Alphabet Soup – How to develop your Financial Team

Cash is “king”, as they say. It is the lifeblood of a business, and to a certain extent, our own lives as individuals. Life can become very difficult when the cash flow stops, or money troubles arise. After all, employees expect to receive their paychecks. Landlords want the rent money. The power company turns off the lights if they don’t get paid.  Properly managing money is a necessity if you are to run a business effectively, at least one that you want to last.

When someone starts a business, or even if  they have been in business for a while, they become acutely aware of that fact very quickly. And when reality finally sets in, they often go in search of people to help them, but don’t really understand the landscape of financial services professionals. So I thought I’d provide you a quick primer to help you find what you really need.

Let’s start with some professional titles:

($ to $$$ representing the range of costs of accounting and tax preparation services)

Bookkeeper ($): This person manages the day-to-day financial administration of the business. They input financial transactions into the accounting software, and help with reconciling the accounting software with bank statements to ensure accuracy. They work closely with the accountant/CPA to provide accurate financial statements.

Accountant ($$):  This is a more general term for someone involved in managing the financial accounts, which may include bookkeeping, preparing financial statements, preparing tax returns, etc.

Tax Preparer ($):  This is the general term for a person permitted by the state and federal government to prepare tax returns for compensation. The term could apply to a CPA, Enrolled Agent, or an unenrolled tax preparer.

Certified Public Accountant (CPA) ($$$):  A person certified by the State Board of Accountancy as meeting the specific requirements to be a CPA. The requirements include a specific level of education, rigorous testing, professional experience, and adherence to ethical standards. CPAs are authorized to represent taxpayers before the IRS regarding tax matters. A CPA is generally considered one of the highest designations available for those performing accounting and tax preparation services.

Enrolled Agent (EA) ($$):  A designation provided by the Internal Revenue Service (IRS) permitting the holder to prepare tax returns and represent taxpayers before the IRS regarding tax matters.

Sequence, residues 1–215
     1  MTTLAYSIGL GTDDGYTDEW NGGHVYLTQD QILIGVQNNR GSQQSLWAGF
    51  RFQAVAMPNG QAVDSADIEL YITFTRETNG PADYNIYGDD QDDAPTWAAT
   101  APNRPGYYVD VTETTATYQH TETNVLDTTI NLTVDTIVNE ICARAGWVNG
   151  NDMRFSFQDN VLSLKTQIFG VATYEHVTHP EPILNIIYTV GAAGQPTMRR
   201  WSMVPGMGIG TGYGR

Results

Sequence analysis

Financial Advisor: This is a general name used by a variety of financial professionals, primarily those involved with the sales or management of financial products and investments. Generally speaking, those offering financial products or advice must pass licensing exams offered by federal agencies (SEC, FINRA) and/or state agencies, including for those selling insurance products.

Certified Financial Planner (CFP®):  This is a designation given by the Certified Financial Planner Board of Standards to those financial professionals meeting their standards of education, work experience, and expertise, including rigorous testing, regarding the development and delivery of personal financial plans.

Fiduciary:  A person who is obligated to act in your best interest, either by law or by agreement.

Insurance Agent:  A person who is licensed by the state to sell insurance products. They will likely be distinguished between whether they offer life insurance products (term, cash value life, or annuities) or property & casualty products (home, auto, flood, business liability, etc.)

Third Party Administrator (TPA):  An agency involved with the administration and management of company benefit plans, such as a 401(k) plan.

There are a variety of financial tasks these professionals may be involved. I’m including the most common financial activities, and who typically performs them.

  • Bookkeeping (Bookkeeper/Accountant)
  • Account reconciliation (Bookkeeper/Accountant)
  • Prepares financial statements (CPA/Accountant)
  • Prepares journal entries (CPA/Accountant)
  • Invoicing (Bookkeeper/Accountant/Administrative staff)
  • Accounts receivable (collects revenue) (Bookkeeper/Accountant/Administrative staff)
  • Accounts payable (pays the bills) (Bookkeeper/Accountant/Administrative staff)
  • Prepares personal tax returns (CPA/EA/Tax preparer)
  • Prepares business tax returns (CPA/EA/Tax preparer)
  • Prepares payroll tax returns (CPA/EA/Tax preparer)
  • Prepares sales tax returns (CPA/EA/Tax preparer)
  • Provides investment advice (Financial Advisor/CFP)
  • Buys & sells investments for a client (licensed Financial Advisor/CFP)
  • Sells insurance products (Insurance agent)
  • Administers retirement plans (Financial Advisor/TPA)

There are so many different designations for financial professionals it can make your head spin. If you are looking for help to fill out your financial team, use this list as a starting point. Start by first specifying what you think you need (i.e. tax help, general bookkeeping, etc.), and then get some referrals from friends or business colleagues who might know of folks that fall into the category you are looking for. Interview a couple of candidates and pick one you have a good connection with, not necessarily the cheapest. Like everything else, you get what you pay for regarding training and experience, so do your homework and shop smart.

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